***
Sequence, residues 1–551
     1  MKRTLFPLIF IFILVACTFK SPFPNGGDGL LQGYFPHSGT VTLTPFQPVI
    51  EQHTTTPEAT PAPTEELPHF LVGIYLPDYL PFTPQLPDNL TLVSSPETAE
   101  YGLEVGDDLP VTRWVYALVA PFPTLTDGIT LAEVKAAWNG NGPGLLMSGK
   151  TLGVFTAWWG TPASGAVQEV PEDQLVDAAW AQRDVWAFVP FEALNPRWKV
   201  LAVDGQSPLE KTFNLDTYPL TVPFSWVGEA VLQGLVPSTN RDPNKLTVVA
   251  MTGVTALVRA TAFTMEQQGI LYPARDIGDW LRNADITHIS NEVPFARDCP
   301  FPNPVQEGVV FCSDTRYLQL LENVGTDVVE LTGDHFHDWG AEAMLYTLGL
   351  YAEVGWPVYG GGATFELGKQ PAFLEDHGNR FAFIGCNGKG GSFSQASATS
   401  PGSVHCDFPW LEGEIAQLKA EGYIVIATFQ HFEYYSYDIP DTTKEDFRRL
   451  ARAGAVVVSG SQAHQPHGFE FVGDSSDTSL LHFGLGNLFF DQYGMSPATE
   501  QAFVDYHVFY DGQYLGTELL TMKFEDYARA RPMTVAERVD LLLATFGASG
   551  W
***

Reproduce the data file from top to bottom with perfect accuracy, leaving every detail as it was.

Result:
Sequence, residues 1–551
     1  MKRTLFPLIF IFILVACTFK SPFPNGGDGL LQGYFPHSGT VTLTPFQPVI
    51  EQHTTTPEAT PAPTEELPHF LVGIYLPDYL PFTPQLPDNL TLVSSPETAE
   101  YGLEVGDDLP VTRWVYALVA PFPTLTDGIT LAEVKAAWNG NGPGLLMSGK
   151  TLGVFTAWWG TPASGAVQEV PEDQLVDAAW AQRDVWAFVP FEALNPRWKV
   201  LAVDGQSPLE KTFNLDTYPL TVPFSWVGEA VLQGLVPSTN RDPNKLTVVA
   251  MTGVTALVRA TAFTMEQQGI LYPARDIGDW LRNADITHIS NEVPFARDCP
   301  FPNPVQEGVV FCSDTRYLQL LENVGTDVVE LTGDHFHDWG AEAMLYTLGL
   351  YAEVGWPVYG GGATFELGKQ PAFLEDHGNR FAFIGCNGKG GSFSQASATS
   401  PGSVHCDFPW LEGEIAQLKA EGYIVIATFQ HFEYYSYDIP DTTKEDFRRL
   451  ARAGAVVVSG SQAHQPHGFE FVGDSSDTSL LHFGLGNLFF DQYGMSPATE
   501  QAFVDYHVFY DGQYLGTELL TMKFEDYARA RPMTVAERVD LLLATFGASG
   551  W